The Mozilla Festival (or “MozFest” as we affectionately call it) is coming to London October 25-27, and planning is in full swing. This year we’ll have an entire track on “Science and the Web” and we want you to help us shape the program.
MozFest is where many of Mozilla’s best and most innovative ideas come from, bringing together over 1,000 inventors, hackers, creatives (and now those from the research community) to share ideas and explore how we can forge the future of the web together.
- Build Webmaker Together: The web is wild. Co-design its future with hackable projects, new memes and creativity remixed with digital tools.
- Connect Your City: Champion digital making and bring together local communities.
- Look Who’s Watching: Learn how to control who gets your data. Help others protect their privacy and develop long-term solutions to tracking.
- Make the Web Physical: Take sensors, actuators and more to meld the virtual with the actual and make the web work your way.
- Open Games: Ready, Set, Go! Join a community of game makers who use the web as a platform to build open games.
- Science and the Web: Transform how we use the web–a scientist’s invention–to explore, experiment and build on each other’s research.
- Skills and Badges: Challenge conventional skillsharing. Recognize and verify learning in new ways to increase opportunities and make the most of the web.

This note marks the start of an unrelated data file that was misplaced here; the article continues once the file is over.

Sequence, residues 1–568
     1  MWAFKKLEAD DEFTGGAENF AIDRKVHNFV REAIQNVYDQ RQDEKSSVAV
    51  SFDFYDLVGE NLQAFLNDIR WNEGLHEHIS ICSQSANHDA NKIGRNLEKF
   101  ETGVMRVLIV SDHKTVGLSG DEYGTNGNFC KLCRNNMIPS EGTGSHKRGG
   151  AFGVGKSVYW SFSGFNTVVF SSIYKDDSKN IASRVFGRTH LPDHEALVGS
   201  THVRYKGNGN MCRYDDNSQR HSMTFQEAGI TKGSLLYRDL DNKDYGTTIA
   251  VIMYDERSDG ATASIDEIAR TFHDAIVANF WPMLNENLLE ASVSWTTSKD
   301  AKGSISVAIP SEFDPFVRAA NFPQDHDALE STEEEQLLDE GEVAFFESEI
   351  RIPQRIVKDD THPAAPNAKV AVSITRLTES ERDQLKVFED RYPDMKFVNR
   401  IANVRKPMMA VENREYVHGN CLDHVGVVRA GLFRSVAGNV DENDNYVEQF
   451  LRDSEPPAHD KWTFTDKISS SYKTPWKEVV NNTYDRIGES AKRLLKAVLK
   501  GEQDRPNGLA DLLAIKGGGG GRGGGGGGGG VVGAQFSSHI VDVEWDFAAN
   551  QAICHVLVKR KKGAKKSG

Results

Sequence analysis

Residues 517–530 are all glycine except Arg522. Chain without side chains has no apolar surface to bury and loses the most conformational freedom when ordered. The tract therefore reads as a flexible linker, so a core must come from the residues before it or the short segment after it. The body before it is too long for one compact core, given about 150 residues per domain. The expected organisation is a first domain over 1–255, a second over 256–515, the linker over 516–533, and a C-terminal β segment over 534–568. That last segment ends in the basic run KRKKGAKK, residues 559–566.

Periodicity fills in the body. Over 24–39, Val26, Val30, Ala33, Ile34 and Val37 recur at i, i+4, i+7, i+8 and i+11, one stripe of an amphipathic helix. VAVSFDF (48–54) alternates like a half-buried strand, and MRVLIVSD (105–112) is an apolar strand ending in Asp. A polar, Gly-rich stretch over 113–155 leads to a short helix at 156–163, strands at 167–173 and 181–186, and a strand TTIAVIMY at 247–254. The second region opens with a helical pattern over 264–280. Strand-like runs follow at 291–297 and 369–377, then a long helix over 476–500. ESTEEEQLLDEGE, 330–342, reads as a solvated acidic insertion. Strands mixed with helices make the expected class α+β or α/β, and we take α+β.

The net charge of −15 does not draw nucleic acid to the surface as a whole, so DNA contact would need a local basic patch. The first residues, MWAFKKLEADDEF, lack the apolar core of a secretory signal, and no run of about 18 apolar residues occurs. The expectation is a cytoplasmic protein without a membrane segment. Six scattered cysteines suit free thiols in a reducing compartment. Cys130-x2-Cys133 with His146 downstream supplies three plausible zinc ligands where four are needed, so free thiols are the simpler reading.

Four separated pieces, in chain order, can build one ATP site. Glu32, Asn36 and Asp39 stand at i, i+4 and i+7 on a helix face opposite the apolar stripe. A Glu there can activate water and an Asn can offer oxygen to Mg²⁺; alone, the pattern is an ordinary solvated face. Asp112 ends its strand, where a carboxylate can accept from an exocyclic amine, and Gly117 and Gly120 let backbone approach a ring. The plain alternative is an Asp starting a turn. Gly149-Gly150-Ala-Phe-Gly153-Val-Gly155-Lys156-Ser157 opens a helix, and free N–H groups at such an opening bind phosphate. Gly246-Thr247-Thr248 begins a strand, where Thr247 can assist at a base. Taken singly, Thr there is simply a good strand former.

- Source Code for Journalism: Hack the news: learn, teach, and make journalism that’s native to the open web.
- Teach the Web: Let’s teach the world the web. Discover how to inspire learners and spread digital literacy with hands-on making.
- Webmaking for Mobile: Become a maker in the booming world of the mobile web.
For the “Science and the Web” track, we’re looking for sessions that show how the Web can (/and is) transforming science, and help introduce the MozFest crowd to some of the folks and organizations leading the charge. This isn’t your average conference, where you present to a group. Preference is given to hands-on and collaborative sessions (in terms of groups involved as well as the session content itself). Or, as we say “Less yack, more hack.” 🙂
A few areas to explore as a starter, in case you’re looking for ideas:
- Hacking digital scholarship: How can we use the web to push the limits of how we share knowledge in the sciences?
- Data sharing: Openness is key to advancing discovery. What role does data play and what cool things can we do with open data in research?
- Citizen Science and engagement: From LHC@Home and Zooniverse to things like Microryza, how can we use the web to make research more accessible and use the wisdom of the crowd?
- Tools for better web science: Come show off your open tool to help change the way we do science.
- Badges / Altmetrics for research: How can we use new forms of assigning credit to research to facilitate sharing, collaboration and interoperability?
- Code and data literacy: Hands-on training with tools or other practices to help us better enable a community of digital researchers.
This is just a start, and feel free to stray from this list. We’re currently pulling together the program, and the session call is open through the end of August for you to submit your ideas. Check out last year’s program, and get those proposals in! To submit, fill out this short form (and be sure to select “Science and the Web” track.)
We look forward to your submissions, and don’t forget to get your tickets!